“The ‘Plan for New York and its Environs’ is a badly conceived pudding into which a great many ingredients, some sound, some dubious, have been poured and mixed: the cooks tried to satisfy every appetite and taste, and the guiding thought in selecting the pudding-dish was that it should ‘sell’ one pudding to the diners, specially to those who paid the cooks. The mixture is as a whole is indigestible and tasteless: but here and there is a raisin or a large piece of citron that can be extracted and eaten with relish. In the long run, let us hope, this is how the pudding will be remembered”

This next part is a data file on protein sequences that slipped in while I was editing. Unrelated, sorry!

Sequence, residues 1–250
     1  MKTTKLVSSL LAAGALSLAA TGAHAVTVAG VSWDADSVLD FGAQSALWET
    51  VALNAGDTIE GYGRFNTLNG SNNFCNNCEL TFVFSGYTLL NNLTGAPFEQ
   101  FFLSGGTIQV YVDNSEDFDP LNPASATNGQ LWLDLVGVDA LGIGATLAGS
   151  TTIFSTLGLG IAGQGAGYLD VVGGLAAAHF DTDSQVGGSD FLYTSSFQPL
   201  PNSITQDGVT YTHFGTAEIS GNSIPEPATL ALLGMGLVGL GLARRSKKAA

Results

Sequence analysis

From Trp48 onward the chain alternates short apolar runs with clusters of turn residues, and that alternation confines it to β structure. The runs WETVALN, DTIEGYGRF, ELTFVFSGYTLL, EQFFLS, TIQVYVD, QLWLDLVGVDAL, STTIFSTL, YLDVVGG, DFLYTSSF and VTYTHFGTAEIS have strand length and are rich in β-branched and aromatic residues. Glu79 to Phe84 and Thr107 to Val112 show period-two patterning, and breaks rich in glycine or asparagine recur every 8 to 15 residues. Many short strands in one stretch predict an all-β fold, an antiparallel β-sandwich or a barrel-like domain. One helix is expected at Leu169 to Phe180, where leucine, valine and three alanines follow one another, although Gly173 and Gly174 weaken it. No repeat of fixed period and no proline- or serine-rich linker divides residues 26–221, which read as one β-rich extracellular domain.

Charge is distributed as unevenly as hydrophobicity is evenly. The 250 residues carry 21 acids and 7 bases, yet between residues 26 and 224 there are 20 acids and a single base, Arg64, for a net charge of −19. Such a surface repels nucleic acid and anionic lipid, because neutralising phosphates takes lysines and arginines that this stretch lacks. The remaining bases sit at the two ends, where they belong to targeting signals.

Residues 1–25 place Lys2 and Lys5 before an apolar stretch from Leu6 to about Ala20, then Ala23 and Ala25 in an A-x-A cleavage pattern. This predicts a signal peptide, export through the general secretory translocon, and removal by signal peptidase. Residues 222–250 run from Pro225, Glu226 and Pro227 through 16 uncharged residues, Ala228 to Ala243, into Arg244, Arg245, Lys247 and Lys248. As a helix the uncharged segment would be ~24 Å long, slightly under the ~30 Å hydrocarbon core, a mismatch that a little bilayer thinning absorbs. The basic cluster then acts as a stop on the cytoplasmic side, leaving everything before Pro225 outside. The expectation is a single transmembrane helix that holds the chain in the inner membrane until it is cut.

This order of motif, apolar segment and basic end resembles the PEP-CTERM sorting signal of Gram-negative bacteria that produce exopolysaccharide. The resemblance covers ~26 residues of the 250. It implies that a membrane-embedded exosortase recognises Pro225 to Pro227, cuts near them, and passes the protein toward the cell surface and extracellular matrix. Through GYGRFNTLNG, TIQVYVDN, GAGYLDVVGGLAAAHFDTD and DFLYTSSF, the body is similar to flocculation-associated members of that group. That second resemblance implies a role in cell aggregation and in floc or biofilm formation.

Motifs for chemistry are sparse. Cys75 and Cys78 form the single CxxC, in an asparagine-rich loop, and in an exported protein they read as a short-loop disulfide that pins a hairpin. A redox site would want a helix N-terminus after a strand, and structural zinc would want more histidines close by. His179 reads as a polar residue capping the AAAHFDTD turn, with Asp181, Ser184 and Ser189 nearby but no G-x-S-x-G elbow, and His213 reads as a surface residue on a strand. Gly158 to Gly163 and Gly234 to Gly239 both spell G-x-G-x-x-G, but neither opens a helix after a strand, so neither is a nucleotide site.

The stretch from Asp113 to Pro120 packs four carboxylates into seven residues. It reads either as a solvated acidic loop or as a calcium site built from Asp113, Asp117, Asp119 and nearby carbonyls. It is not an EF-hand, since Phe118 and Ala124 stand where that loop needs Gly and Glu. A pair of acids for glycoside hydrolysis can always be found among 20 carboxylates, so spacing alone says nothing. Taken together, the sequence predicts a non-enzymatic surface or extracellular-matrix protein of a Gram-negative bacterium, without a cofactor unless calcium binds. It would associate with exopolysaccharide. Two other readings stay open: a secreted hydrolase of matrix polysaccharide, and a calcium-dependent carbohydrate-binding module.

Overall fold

Mumford’s culinary metaphor can be extended to both cities and books (and to books about cities). A civilization is defined by its cuisine, as well as by its books and cities. Some meals, like some cities and books, are heavily meaty, some spicy, some wholesome, some bland. What Peter Hall serves is a sumptuous ten course meal that left me gasping and slightly green around the gills. The ingredients are well-chosen and fresh, the proportions just right, and the chef a maestro; there was champagne to wash it all down. My only regret is it wasn’t a balanced meal.